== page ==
Of all the teams in the NHL, Detroit baffles us the most (-9.09 AB, 15th NHL). On the one hand, it appears as if General Manager Ken Holland is a disciple of the Advanced Bracton score. On the other, part of the team, especially the defense (which we rate as one of the worst in the NHL), is constructed as if he has never heard of puck possession. We wonder to what extent the wide disparity of performance was a function of the presence (and now departure) of Coach ($50 million dollar) Mike Babcock and if new coach Jeff Blashill will implement wholesale philosophical changes? It appears, but with nowhere near enough information available to compute a possible dedication to the metrics which underpin the AB, as if Blashill as coach of the Grand Rapids Griffins at least valued two way play throughout the lineup and not just with select forwards. We wonder if that was part of the impetus behind his hire?
In an interview with the Detroit Free Press, Blashill stated that he was looking forward to dealing with DET’s character players, citing Datsyuk (+6.93 AB), Zetterberg (-0.43 AB) and Kronwall (-5.81 AB). While it is undeniable that these players represent the old guard leadership of the Red Wings, other than Datsyuk, the other two were actually detractors from the success of the team. If we were Blashill, we would be focused on meeting and developing the leadership potential of players like Darren Helm, Gustav Nyquist, Tomas Tatar, and Tomas Jurco. As believers in the AB metric we strongly assert that for the Red Wings to be successful in the future (i.e., making past the first round of the playoffs), they must retool their ENTIRE back line other than Danny DeKeyser (who at a -0.41 actually lead the Red Wings defense in AB, believe it or not).
Accordingly, our calculations demonstrate that Detroit’s top seven defensemen cost the team 28.43 goals at the margin over the course of the season. Conversely, the aforementioned forwards actually provided 28.6 goals at the margin, essentially wiping out any advantage Detroit may have enjoyed against the top teams in the league (i.e, those with ABS over -9.09). While their 15th overall AB was good enough to advance to the playoffs, DET is presently a bubble team that could just as easily miss the playoffs next year if wholesale changes are not made to their back end. The top brass in Detroit must be at least somewhat aware of the need for it to improve team AB given their strict attention to our metric in their top 6-8 forwards but surprisingly total ostensible neglect in front of their goaltending corps.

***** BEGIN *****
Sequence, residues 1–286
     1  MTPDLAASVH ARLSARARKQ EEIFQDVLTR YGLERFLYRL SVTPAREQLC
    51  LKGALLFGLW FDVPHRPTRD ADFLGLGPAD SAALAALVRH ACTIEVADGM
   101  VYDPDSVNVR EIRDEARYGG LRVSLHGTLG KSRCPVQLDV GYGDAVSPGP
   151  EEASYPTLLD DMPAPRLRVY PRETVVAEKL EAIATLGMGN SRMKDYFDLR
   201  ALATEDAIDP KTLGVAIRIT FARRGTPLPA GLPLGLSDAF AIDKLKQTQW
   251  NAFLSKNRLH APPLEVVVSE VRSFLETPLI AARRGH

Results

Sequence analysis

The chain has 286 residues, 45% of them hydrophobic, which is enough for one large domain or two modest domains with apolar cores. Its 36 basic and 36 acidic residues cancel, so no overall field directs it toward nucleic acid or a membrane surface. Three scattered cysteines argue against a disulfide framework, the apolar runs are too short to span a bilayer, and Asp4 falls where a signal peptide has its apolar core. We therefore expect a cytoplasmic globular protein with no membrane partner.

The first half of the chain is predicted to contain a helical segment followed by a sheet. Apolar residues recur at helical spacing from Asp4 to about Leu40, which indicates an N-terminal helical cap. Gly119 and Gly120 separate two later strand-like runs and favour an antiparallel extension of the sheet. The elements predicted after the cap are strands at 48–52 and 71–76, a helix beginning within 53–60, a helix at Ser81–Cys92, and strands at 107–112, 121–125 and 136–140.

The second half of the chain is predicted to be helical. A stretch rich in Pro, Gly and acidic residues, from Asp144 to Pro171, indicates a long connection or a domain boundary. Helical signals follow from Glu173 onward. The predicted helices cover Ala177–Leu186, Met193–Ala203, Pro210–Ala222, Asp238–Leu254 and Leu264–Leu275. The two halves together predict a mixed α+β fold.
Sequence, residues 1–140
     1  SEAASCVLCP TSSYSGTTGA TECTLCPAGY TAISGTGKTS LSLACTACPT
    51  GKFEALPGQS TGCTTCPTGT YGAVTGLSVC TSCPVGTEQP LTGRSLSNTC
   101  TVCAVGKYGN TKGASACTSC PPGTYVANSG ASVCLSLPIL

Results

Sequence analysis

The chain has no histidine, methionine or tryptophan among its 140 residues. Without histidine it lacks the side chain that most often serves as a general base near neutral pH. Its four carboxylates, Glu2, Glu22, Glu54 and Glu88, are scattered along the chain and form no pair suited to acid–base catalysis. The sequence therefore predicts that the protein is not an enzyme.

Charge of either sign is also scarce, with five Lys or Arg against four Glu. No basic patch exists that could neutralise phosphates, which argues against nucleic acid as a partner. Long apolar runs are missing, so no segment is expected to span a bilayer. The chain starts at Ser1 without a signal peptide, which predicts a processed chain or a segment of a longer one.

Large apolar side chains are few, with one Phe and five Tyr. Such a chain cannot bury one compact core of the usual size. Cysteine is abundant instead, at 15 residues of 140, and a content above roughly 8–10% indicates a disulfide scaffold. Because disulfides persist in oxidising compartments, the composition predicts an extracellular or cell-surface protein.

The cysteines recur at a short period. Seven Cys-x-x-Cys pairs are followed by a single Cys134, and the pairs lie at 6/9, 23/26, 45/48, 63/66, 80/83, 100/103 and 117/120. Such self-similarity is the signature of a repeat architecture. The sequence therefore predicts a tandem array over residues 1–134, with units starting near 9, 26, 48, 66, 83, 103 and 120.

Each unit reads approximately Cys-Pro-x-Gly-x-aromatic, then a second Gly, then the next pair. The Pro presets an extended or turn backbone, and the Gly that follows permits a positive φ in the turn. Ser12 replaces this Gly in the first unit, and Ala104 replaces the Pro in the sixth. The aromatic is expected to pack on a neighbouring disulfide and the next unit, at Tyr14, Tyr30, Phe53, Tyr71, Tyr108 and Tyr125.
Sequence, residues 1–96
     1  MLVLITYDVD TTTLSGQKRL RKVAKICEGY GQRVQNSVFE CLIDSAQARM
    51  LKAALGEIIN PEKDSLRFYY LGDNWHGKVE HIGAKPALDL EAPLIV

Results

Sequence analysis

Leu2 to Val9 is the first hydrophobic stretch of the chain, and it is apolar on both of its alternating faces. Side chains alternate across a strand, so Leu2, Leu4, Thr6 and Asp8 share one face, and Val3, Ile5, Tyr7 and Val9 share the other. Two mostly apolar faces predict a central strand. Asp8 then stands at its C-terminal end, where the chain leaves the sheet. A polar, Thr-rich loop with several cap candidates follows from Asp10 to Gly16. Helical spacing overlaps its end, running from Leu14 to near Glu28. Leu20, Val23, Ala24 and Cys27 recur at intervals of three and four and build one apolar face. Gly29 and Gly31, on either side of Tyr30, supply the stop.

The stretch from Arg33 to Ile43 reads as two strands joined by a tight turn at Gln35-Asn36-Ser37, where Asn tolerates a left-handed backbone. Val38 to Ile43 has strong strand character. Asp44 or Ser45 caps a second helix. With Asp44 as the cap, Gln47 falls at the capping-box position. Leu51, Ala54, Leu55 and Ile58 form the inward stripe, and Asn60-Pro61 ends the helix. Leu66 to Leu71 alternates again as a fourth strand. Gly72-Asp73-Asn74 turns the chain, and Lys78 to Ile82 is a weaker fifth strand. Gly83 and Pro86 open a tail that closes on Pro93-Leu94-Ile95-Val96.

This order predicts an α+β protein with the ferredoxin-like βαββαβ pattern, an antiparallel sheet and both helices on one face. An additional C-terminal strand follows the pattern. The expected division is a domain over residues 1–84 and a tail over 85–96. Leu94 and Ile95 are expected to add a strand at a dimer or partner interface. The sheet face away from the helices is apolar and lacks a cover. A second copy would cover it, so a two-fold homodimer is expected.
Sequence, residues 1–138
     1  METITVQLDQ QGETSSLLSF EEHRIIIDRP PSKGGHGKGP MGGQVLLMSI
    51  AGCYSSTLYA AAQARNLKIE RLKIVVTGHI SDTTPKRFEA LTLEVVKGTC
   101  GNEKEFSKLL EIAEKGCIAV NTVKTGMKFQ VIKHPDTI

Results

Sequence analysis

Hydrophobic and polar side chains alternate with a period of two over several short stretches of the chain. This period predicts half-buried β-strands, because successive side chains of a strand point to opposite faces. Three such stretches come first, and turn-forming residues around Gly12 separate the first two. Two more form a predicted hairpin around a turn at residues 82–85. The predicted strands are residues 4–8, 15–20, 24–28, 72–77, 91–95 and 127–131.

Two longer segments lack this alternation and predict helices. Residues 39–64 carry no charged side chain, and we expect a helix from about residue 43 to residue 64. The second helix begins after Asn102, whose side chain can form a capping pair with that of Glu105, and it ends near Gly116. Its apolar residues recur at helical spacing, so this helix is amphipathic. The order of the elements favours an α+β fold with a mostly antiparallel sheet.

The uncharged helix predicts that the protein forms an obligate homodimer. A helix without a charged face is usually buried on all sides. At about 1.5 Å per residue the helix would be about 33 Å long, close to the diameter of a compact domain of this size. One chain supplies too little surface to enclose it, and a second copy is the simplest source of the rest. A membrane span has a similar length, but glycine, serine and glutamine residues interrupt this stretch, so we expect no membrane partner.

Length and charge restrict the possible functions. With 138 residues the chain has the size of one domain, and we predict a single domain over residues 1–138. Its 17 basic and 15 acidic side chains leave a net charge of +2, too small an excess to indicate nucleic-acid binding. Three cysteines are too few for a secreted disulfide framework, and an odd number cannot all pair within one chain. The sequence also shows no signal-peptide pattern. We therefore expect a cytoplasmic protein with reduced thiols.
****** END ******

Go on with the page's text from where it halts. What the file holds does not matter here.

On a side note, but not totally unrelated, we believe that Darren Helm is to our AB efforts what Steve Swisher and Chad Bradford were to sabermetrics. In fact it is because of our careful consideration to all things Helm that we were inspired to philosophize about the AB score at its inception. In that respect we have Mr. Helm to thank for being our Rosetta Stone; not just on the ice, but for our foray into a new manner in which to analyze the sport of hockey. We are perplexed as to why so many teams seemingly have not yet shared our view of the merits of players like Helm when assessing the signings of free agents, the drafting of young talent, or the management of existing personnel. Maybe after we prove over a long enough period that AB actually works, is predictive of future outcomes, and most importantly is a “holy grail” secret sauce metric that translates into the maximization of hockey related revenues. If 2015 is any indication, someday the NHL will be filled with Darren Helms at the expense of the Jakob Kindl’s of the world. Which one of you Red Wings fans will tell us that would be a bad thing?